However, the President, giving only his second formal White House press conference since taking office in January, remained hopeful that any initiative would be agreed jointly with America's allies, notably Britain and France. 'I do not think we should act alone,' he said. There have been signs of a mutiny over Bosnian policy within the State Department, with senior officials responsible for the Balkans writing to the Secretary of State, Warren Christopher, urging military action to curb Serbian aggression. Mr Christopher has argued against.
According to the New York Times, which first reported the letter, the US representative to the United Nations, Madeleine Albright, has sent a memo to the President asking him to support military action. Mr Clinton confirmed the note existed but would not comment on its contents.
The President's dilemma was illustrated in his answers yesterday. He repeatedly emphasised that the Serbs' action was unacceptable. Explaining his desire to take fresh action, he declared: 'We are, after all, the world's own superpower and we do have to lead the world.'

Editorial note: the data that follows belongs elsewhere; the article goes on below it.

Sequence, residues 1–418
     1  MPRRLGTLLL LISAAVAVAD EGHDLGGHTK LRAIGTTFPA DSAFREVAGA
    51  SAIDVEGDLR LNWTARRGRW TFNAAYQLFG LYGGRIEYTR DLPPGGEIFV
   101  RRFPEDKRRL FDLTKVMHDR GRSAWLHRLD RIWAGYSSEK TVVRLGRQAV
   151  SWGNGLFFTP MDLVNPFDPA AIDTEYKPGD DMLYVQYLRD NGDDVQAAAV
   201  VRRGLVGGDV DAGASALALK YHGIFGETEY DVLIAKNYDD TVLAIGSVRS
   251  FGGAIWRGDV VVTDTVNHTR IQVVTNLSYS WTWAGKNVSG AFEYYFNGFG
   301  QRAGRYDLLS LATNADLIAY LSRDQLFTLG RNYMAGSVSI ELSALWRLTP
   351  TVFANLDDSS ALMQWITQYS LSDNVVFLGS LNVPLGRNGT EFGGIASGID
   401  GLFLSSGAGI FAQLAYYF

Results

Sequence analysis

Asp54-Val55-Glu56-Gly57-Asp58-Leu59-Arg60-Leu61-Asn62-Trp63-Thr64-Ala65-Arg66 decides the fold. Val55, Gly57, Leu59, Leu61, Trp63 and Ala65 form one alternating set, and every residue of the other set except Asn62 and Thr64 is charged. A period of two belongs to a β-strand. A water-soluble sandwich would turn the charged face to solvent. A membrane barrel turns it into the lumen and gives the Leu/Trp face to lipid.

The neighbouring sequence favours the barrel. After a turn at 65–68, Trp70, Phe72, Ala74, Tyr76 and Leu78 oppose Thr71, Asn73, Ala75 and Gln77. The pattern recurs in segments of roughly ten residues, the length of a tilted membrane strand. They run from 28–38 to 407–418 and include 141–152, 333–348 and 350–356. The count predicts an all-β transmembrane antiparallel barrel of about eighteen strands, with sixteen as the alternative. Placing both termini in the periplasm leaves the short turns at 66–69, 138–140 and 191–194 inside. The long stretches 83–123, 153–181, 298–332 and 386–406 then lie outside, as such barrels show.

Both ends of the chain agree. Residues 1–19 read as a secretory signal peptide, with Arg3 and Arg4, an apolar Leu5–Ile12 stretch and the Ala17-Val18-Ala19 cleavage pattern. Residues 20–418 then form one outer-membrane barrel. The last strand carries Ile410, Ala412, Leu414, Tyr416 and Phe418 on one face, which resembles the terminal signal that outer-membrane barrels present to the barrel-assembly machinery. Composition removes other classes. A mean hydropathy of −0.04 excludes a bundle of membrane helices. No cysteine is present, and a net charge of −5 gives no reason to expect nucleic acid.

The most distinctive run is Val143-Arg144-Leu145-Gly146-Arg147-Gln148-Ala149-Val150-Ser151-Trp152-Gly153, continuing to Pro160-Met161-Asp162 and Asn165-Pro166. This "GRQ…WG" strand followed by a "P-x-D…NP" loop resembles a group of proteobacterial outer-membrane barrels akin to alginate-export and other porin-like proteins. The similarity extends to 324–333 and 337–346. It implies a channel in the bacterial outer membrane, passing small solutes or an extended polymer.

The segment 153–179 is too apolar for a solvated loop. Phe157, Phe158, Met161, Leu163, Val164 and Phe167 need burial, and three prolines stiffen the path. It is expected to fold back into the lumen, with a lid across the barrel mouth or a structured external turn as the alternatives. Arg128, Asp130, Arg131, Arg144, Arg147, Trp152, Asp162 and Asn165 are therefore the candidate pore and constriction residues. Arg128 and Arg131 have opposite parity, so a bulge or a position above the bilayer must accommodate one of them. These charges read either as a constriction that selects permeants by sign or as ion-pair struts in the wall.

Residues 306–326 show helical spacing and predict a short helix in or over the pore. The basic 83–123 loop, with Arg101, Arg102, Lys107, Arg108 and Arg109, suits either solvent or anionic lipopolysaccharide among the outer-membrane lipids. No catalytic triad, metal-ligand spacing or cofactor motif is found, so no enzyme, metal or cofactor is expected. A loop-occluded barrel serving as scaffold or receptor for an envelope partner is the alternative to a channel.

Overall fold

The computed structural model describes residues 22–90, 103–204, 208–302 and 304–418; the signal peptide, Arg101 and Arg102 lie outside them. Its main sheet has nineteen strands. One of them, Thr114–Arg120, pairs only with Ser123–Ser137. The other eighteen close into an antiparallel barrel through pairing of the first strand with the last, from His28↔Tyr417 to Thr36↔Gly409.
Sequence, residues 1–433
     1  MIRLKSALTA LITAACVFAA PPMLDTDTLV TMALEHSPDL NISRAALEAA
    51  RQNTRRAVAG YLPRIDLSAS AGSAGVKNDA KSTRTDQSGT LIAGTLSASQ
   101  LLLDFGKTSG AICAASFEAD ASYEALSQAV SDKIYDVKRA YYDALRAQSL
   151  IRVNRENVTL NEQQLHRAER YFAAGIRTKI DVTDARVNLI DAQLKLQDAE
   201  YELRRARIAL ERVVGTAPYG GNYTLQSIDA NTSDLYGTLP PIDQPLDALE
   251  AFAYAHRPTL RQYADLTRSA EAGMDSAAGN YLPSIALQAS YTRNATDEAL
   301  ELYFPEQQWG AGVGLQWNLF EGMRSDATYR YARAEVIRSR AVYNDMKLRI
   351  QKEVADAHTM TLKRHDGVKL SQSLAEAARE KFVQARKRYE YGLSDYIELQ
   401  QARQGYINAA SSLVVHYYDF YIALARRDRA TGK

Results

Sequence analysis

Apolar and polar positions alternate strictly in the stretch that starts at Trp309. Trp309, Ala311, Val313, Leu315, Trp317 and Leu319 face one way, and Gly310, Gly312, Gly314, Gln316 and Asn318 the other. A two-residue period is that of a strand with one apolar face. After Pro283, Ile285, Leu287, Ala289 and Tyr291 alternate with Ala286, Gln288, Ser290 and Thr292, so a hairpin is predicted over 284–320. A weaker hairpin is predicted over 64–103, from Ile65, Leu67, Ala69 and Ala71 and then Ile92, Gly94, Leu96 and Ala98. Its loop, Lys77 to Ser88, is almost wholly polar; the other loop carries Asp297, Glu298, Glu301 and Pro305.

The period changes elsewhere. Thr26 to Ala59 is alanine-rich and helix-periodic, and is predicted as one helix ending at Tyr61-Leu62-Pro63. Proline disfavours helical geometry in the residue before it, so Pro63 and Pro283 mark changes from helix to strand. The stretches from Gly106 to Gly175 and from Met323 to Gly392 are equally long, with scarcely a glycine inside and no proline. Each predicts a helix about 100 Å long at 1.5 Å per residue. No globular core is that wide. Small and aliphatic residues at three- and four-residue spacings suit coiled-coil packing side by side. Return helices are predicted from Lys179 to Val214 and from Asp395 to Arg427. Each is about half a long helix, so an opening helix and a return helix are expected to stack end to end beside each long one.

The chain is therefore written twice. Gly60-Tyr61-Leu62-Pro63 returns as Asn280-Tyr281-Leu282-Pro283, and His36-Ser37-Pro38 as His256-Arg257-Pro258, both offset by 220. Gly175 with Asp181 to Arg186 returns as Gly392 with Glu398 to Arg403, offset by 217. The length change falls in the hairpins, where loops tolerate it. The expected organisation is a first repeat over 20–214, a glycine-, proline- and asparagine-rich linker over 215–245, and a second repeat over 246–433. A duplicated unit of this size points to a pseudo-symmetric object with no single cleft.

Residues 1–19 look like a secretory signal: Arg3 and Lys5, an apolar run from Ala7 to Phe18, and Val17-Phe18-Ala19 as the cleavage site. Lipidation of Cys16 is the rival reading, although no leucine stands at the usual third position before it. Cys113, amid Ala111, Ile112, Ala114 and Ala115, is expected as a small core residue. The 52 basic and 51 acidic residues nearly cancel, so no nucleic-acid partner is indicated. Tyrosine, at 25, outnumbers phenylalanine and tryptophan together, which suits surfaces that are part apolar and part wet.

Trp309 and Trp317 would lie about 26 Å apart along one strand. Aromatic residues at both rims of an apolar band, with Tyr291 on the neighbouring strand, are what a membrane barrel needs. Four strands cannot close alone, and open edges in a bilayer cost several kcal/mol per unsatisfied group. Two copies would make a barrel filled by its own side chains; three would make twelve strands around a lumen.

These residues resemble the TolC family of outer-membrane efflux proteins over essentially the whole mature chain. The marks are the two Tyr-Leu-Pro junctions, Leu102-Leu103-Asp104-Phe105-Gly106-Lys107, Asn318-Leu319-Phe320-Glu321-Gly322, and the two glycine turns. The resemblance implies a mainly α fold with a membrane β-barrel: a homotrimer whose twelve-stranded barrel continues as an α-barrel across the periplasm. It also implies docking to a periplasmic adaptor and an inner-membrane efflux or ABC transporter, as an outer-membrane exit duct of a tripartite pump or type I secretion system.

However, he also spelt out the difficulties in implementing either of two prime options under discussion: allowing the Bosnian Muslims to have arms or attempting air strikes against the Serbian attackers. He specifically referred to British and French worries about possible retaliation against troops on the ground.
Saying that consultations between the allies on what to do should come to a conclusion within the 'next several days,' the President acknowledged that US policy since he took office has not had sufficient effect. He said several options for action were being discussed but ruled out the deployment of ground troops.
Meanwhile, a Bosnian Serb army officer said yesterday that Serbian forces would fire on Srebrenica if provoked, and warned United Nation's Canadian peace-keepers there to stay out of the way if that happened.Reuse content